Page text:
• Fun, indeed, Marina Sofia. And yet, it’s not a ‘frothy,’ light sort of mystery. And it is interesting, I think, how that page 3 reference means different things to different people, isn’t it?

  5. I always find another book to add to my TBR list here. Thanks for the introduction to so many wonderful new books and authors.

  6. Margot, I can actually picture the party in my head. Mumbai’s socialites and glitterati have them frequently, which, come to think of it, led to the “Page 3” culture in the entertainment sections of newspapers. It’s also a euphemism for celebrity gossip. “Page 3” was also the title of a 2005 Bollywood film.

    I was amused by FictionFan’s mention of Page 3 — the black-and-white topless models who appeared on page 3 of British tabloids like “The Sun.” In fact, a couple of Indian tabloids in Bombay borrowed the idea and carried pictures of near topless models on the inside pages.

    I’m curious about this book, especially the atmosphere.

    • Thank you, Prashant, for adding your insights and giving this novel more context. Certainly the novel makes use of that sort of ‘celebrity culture,’ and it’s so interesting to learn how it all works. I didn’t know there was a film by the same name! I think you might enjoy the novel; in my opinion, Swaminathan has evoked the atmosphere really effectively.

      And as to importing the other meaning of ‘Page 3,’ I didn’t know that happened. I suppose those sorts of things do travel…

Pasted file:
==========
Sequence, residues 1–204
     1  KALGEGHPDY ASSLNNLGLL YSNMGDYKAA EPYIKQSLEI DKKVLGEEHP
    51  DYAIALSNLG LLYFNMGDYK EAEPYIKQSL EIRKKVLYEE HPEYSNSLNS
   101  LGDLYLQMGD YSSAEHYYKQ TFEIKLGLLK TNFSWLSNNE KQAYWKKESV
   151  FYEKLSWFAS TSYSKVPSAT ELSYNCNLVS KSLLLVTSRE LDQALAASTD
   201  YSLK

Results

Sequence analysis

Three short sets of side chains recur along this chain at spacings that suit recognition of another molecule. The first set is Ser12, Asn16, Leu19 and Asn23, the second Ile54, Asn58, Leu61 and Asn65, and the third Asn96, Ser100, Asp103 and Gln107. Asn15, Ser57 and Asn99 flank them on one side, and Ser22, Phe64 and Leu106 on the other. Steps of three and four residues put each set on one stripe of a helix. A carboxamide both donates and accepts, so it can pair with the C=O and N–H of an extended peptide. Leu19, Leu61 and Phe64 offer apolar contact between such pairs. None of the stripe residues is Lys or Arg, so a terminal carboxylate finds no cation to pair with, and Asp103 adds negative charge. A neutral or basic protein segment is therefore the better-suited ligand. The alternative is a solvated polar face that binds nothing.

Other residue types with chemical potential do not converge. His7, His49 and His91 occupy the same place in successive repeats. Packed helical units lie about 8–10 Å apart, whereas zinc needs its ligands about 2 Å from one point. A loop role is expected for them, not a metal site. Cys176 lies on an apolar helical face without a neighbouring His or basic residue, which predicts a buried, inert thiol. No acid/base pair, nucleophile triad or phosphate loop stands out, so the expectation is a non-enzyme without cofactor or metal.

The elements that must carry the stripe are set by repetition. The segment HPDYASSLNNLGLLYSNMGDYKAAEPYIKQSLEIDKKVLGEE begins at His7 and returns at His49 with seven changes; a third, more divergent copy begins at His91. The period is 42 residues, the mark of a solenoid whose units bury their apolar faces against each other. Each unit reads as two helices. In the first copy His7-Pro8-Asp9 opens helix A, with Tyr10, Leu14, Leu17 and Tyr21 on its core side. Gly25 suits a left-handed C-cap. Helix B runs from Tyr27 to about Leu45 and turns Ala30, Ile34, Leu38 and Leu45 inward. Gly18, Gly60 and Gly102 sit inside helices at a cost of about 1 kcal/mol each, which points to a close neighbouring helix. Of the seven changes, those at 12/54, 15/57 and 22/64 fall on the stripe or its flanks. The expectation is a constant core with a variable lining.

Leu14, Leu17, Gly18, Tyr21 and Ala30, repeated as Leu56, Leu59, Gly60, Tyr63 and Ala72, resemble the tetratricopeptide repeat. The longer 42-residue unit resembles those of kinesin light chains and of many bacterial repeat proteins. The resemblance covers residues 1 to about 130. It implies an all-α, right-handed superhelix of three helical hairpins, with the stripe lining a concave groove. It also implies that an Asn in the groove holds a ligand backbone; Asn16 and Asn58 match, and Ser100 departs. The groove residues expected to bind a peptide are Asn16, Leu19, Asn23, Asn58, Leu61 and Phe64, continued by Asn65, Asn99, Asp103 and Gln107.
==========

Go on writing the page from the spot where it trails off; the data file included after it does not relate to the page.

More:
7. Very interesting, Margot. I will have to be on the lookout for this author’s books.

  8. I saw Page 3 and wondered who the topless model was going to be! Relieved to see it was about nothing so salacious. Page 3 over here (UK) was in a certain newspaper and this page was for years taken up with photos of topless models. No idea if they still run it as I have never read it but the paper is/was notorious.

  9. Lovely review Margot. I have seen this book but somehow never picked it up from the library shelves. But after reading your review, I want to go to the library and borrow it. Thanks.

    Incidentally, the movie that Prashant mentioned is pretty powerful, revolving round the compulsions of modern day media houses/ reporters/ editors. Do watch it if you get a copy with English subtitles.

    • Thank you, Neeru, for the kind words. I hope that if you read the novel, you’ll enjoy it. As to the film, you and Prashant have got me interested now! I’ll have to see if I can find a subtitled copy.

  10. The double meaning of Page 3 is hilarious! count me in on the British side, thinking of Page 3 girls – the glamour models who featured in those newspapers.
    But this book sounds excellent – I’m fascinated by the combination of the modern features, country-house setting, and a look at another culture.

    • I think that double meaning is hilarious, too, Moira! And I’m just now reading a novel set partly in New Zealand in which such girls are mentioned in that same context. Interesting… At any rate, this novel doesn’t feature that sort of Page 3 girl. And it really is an effective combination of the ‘country house’ mystery, modern India, and modern life. If you try it, I hope you’ll enjoy it.